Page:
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Journal of No. 118


July 2nd, 2014

The Penelopiad, by Margaret Atwood @ 04:06 pm


The Penelopiad is sort of a retelling of the Iliad and the Odyssey from Penelope's perspective. Of course, since Penelope takes no part in the Trojan War or Odysseus' wanderings, there is more emphasis on Penelope's childhood, marriage to Odysseus, and her adventures with the suitors as they look to displace the absent Odysseus. The chapters mostly alternate from Penelope's telling of her own story, and a Greek chorus composed of the 12 serving maids, who are hanged for their naughtiness after Odysseus' return and the slaughter of the suitors. Evidently Atwood was struck by their unkind fate when she first read the Odyssey:

Euryclea left the cloister to tell the women, and make them come to Ulysses; in the meantime he called Telemachus, the stockman, and the swineherd. "Begin," said he, "to remove the dead, and make the women help you. Then, get sponges and clean water to swill down the tables and seats. When you have thoroughly cleansed the whole cloisters, take the women into the space between the domed room and the wall of the outer court, and run them through with your swords till they are quite dead, and have forgotten all about love and the way in which they used to lie in secret with the suitors."

On this the women came down in a body, weeping and wailing bitterly. First they carried the dead bodies out, and propped them up against one another in the gatehouse. Ulysses ordered them about and made them do their work quickly, so they had to carry the bodies out. When they had done this, they cleaned all the tables and seats with sponges and water, while Telemachus and the two others shovelled up the blood and dirt from the ground, and the women carried it all away and put it out of doors. Then when they had made the whole place quite clean and orderly, they took the women out and hemmed them in the narrow space between the wall of the domed room and that of the yard, so that they could not get away: and Telemachus said to the other two, "I shall not let these women die a clean death, for they were insolent to me and my mother, and used to sleep with the suitors."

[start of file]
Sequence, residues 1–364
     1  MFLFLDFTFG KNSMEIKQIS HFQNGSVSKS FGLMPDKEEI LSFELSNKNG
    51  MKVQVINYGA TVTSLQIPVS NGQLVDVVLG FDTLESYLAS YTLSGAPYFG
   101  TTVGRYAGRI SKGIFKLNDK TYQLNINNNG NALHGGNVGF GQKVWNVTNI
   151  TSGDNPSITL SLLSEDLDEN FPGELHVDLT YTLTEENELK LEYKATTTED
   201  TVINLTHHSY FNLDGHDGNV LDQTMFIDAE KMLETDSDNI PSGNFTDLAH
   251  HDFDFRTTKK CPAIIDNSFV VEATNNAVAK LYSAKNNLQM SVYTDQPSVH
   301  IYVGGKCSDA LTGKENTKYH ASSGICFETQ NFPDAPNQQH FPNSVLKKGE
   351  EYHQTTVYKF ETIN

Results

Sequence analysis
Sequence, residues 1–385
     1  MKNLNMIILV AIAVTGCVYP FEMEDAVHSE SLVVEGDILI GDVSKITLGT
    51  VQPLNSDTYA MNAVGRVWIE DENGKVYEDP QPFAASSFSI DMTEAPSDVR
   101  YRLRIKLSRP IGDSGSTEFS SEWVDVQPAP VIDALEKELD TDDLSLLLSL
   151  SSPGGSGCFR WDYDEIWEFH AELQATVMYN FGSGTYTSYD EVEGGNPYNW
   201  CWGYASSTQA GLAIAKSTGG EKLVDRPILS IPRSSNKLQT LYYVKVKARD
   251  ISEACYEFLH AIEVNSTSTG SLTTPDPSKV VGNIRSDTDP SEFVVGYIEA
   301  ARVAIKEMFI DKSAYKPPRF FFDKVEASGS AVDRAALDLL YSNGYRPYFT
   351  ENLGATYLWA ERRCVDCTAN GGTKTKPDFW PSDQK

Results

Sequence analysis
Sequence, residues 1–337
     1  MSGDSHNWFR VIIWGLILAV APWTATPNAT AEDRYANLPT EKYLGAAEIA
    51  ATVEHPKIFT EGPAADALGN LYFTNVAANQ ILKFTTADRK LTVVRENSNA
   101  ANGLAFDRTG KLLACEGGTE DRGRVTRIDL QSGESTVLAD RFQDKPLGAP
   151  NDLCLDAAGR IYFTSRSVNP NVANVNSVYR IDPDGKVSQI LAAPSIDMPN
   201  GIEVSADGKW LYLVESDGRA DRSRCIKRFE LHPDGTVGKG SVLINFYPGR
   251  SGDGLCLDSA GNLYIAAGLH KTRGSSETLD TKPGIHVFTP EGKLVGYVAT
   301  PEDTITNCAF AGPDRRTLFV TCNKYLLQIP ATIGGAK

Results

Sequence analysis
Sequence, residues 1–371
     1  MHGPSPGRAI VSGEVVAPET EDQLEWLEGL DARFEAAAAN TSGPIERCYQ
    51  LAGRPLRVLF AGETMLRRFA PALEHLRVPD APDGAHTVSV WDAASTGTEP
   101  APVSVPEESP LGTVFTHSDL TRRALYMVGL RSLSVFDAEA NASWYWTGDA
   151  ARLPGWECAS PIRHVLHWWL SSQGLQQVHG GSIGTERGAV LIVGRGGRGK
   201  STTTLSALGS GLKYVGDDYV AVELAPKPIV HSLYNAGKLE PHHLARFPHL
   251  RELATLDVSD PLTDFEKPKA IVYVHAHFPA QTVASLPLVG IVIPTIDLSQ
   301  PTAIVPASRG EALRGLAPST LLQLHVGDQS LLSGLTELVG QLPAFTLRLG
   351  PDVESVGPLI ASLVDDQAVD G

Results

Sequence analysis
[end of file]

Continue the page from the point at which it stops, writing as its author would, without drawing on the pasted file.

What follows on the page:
So saying he made a ship's cable fast to one of the bearing-posts that supported the roof of the domed room, and secured it all around the building, at a good height, lest any of the women's feet should touch the ground; and as thrushes or doves beat against a net that has been set for them in a thicket just as they were getting to their nest, and a terrible fate awaits them, even so did the women have to put their heads in nooses one after the other and die most miserably. Their feet moved convulsively for a while, but not for very long.


Penelope reveals that all was not what it seemed, and the chorus has its own story to tell. The chorus sections are written in different styles -- poem, song, play, anthropological treatise, videotaped court proceeding...

It's a pretty short read, and I found it delightful from end to end. It's a great writer unleashing a jeu d'esprit based on old (but still vital) myths.

I'm not sure why this even needs mentioning, but just because it's a retelling from the female point of view, doesn't mean that it's a man-hating feminazi manifesto (okay except maybe that one bit, which is arguably satire).
 
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Journal of No. 118